About two dozen people protested the officer-involved shooting that claimed the life of a So Pas resident by marching to the police station. Photo by Joseph Ruiz

About two dozen people joined a protest march this past Saturday that called for the firing of three police officers involved in an officer-involved shooting (OIS) that claimed the life of local resident Vanessa Marquez.

“We feel that Vanessa Marquez was unjustly treated by the officers and they should be fired,” said David Sanchez, the founder of the Brown Berets that led the protest this past weekend. “They overreacted by shooting her. They should have waited her out and they didn’t.”

The march began at the apartment where Marquez lived and the shooting occurred, 1133 Fremont Ave., and went the few blocks to the police station.

Although the Brown Berets, an organization that gained prominence in the Chicano Civil Rights Movement of the 1960s and 1970s, does not have any local members, they organized the march because community members asked them to at a recent memorial held for Marquez at a local park. The public memorial was held Sept. 22 at Arroyo Park where family and friends fondly remembered Marquez.

 

The protest march finished at the South Pasadena Police station, just outside City Hall on the sidewalk. Photo by Joseph Ruiz

 

The 49-year-old Marquez died in the OIS that occurred at about 1:48 p.m. Thursday, Aug. 30, at her residence on Fremont Avenue. No officers were injured during the incident. Marquez was an actress, most notably with roles on “ER” and “Stand and Deliver.” Marquez was transported to a local hospital where she was pronounced dead.

The OIS probe is being handled by the Los Angeles County Sheriff’s Department as well as the Justice System Integrity Division of the Los Angeles County District Attorney’s Office. Also, the Los Angeles County Coroner’s Office is in charge of the official cause of death report. Sheriff investigators have put a “security hold” on the coroner’s report, which means the coroner can’t talk about its findings.

The District Attorney’s Office will render its opinion as to whether the shooting was justified or not. Investigations such as these can take anywhere from six months to a year to complete, according to officials. Local officials, including police, have already unofficially determined that the OIS was justified.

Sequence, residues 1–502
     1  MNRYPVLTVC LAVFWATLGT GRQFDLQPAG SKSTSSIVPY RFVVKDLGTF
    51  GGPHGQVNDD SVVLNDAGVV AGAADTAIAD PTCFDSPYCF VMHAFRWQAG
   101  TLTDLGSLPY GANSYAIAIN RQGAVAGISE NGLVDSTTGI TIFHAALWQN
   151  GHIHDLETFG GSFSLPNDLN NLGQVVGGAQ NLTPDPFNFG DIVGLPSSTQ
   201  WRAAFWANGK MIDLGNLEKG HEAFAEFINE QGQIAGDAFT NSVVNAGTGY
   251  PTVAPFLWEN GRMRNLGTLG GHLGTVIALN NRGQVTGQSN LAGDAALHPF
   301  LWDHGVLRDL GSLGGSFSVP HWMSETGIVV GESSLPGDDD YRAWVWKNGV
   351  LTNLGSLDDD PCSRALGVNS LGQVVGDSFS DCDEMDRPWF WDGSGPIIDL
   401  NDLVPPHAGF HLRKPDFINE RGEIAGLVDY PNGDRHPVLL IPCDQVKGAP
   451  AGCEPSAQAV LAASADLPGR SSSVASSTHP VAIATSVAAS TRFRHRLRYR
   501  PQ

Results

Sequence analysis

The three local officers involved in the Aug. 30 incident were placed on administrative leave as per department policy and have since returned to patrol duties, police said.

The South Pasadena City Council weathered a rash of criticisms during a public meeting over the handling of OIS.

Sanchez was at that meeting as well and also said the officers should be fired.

Moreover, several people followed Sanchez with scathing remarks regarding the city’s handling of the situation, including one woman who became emotional while decrying the council’s marginalization of Marquez’s life. Another, who said she was a newspaper editor, promised Freedom of Information (FOI) requests will be forthcoming that will force the city to release more specific information. As of press time, the city has received at least one FOI regarding the officer-involved shooting.

The criticism levied at the council concerned, in large measure, the limited amount of information being publicly released about the specifics of the OIS.

In regards to the police officers that were involved in the OIS, Interim Police Chief Brian Solinsky told the council during the emotionally charged meeting that they had returned to patrol duty.

The officers involved were wearing body-worn cameras and the video is not being publicly released per the Sheriff’s Department as it is considered evidence.

The last OIS that occurred in So Pas was in 2016. There was another in 2017 that occurred in Burbank but also involved South Pasadena police officers. In that incident, a replica handgun also was brandished at So Pas police. The subject was killed in that OIS.

Steve Whitmore
Author

Steve Whitmore is the editor for the South Pasadena Review. Steve has spent more than four decades as an award-winning print and broadcast journalist with a 16-year stint as the senior media advisor for the Los Angeles County Sheriff's Department. Steve comes to us from the Keene Sentinel in Keene, New Hampshire, where he covered politics and was a columnist.

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